Gambling on Development: Why some countries win and others lose
Stefan Dercon in conversation with Kate Orkin on his new book
In the last thirty years, the developing world has undergone tremendous changes. Overall, poverty has fallen, people live longer and healthier lives, and economies have been transformed. And yet many countries have simply missed the boat. Why have some countries prospered, while others have failed? Stefan Dercon argues that the answer lies not in a specific set of policies, but rather in a key ‘development bargain’, whereby a country’s elites shift from protecting their own positions to gambling on a growth-based future. Despite the imperfections of such bargains, China is among the most striking recent success stories, along with Indonesia and more unlikely places, such as Bangladesh, Ghana and, tentatively Ethiopia.
Gambling on Development is about these winning efforts, in contrast to countries stuck in elite bargains leading nowhere. Building on three decades’ experience across forty-odd countries, Dercon winds his narrative through Ebola in Sierra Leone, scandals in Malawi, beer factories in the DRC, mobile phone licences in Mozambique, and relief programmes behind enemy lines in South Sudan. Weaving together conversations with prime ministers, civil servants and ordinary people, this is a probing look at how development has been achieved across the world, and how to assist such successes.
This event will also be live-streamed on our YouTube channel.
Stefan Dercon is Professor of Economic Policy at the Blavatnik School of Government and the Economics Department, and a Fellow of Jesus College. He is also Director of the Centre for the Study of African Economies.
He combines his academic career with work as a policy advisor, providing strategic economic and development advice, and promoting the use of evidence in decision making. Between 2011 and 2017, he was Chief Economist of the Department of International Development (DFID), the government department in charge with the UK’s aid policy and spending. Since 2020, he has been the Development Policy Advisor to successive Foreign Secretaries at the UK’s Foreign, Commonwealth and Development Office.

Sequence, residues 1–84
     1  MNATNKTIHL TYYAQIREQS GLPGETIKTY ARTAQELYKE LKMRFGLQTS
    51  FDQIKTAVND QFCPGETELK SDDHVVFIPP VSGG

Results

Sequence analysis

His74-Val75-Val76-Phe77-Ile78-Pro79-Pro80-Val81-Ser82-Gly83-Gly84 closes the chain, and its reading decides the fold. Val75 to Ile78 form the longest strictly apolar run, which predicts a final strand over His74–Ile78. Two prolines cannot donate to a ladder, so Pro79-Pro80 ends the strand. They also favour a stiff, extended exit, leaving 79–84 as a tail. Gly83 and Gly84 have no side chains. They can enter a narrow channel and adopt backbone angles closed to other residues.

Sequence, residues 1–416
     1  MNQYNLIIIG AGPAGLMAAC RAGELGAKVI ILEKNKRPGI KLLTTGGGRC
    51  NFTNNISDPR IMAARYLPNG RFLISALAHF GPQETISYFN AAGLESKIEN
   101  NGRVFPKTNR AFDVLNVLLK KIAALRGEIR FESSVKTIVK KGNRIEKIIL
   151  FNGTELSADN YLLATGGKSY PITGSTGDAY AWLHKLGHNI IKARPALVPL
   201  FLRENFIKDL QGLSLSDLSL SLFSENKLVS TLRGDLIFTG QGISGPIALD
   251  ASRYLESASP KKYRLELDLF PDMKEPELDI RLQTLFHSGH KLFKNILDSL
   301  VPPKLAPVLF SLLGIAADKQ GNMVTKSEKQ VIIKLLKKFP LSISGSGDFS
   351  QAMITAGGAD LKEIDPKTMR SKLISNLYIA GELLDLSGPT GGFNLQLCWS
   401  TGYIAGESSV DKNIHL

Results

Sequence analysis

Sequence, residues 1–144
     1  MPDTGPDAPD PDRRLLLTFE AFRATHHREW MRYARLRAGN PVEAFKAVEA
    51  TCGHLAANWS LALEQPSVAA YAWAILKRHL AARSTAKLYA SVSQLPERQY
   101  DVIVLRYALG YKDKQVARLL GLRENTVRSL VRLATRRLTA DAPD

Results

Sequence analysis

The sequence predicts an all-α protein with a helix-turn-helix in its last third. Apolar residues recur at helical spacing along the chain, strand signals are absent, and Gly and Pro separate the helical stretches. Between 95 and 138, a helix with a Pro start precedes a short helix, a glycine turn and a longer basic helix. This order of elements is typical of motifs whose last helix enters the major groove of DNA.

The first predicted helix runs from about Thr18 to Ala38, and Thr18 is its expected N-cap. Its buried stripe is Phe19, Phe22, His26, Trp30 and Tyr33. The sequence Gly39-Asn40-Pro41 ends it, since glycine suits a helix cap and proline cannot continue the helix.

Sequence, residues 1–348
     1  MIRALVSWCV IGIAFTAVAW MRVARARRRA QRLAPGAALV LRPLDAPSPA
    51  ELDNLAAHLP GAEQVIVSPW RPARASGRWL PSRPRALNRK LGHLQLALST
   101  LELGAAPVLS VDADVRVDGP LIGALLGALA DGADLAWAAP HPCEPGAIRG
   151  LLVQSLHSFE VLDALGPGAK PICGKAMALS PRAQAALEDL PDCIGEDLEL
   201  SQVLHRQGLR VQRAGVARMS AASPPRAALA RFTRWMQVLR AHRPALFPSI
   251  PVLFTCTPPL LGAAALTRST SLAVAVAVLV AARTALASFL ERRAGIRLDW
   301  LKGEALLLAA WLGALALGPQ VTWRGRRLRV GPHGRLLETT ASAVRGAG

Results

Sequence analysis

His research interests concern what keeps some people and countries poor: the failures of markets, governments and politics, mainly in Africa, and how to achieve change.
Dr Kate Orkin is Senior Research Fellow in Behavioural Economics at the Blavatnik School of Government and a Supernumerary Fellow of Merton College. Prior to this, she was a Junior Research Fellow at Merton College. Kate completed her undergraduate degree at the University of Cape Town. She did her MPhil and DPhil at Oxford as a Rhodes Scholar, finishing in 2015. With Professor Stefan Dercon, Kate leads the Mind and Behaviour Research Group in the Centre for the Study of African Economies, hosted by the Blavatnik School. This is a network of economists, psychiatrists and psychologists applying psychology to inform the design of programmes which either reduce poverty or improve governance and service delivery in low- and middle-income countries.
Kate is an applied microeconomist, working in behavioural, labour and development economics. She mainly runs large field experiments in Kenya, Ethiopia, Uganda and South Africa, developing and testing real-world interventions in partnership with governments and NGOs. Her PhD work examined how information interventions alter beliefs about oneself and expectations about the future and, in turn, economic and political behaviour. Studies have shown that increasing aspirations can improve rates of savings, investment and technology adoption; that giving workseekers better information about their skills can improve their employment rates and earnings; and that better access to polling information can improve voter turnout.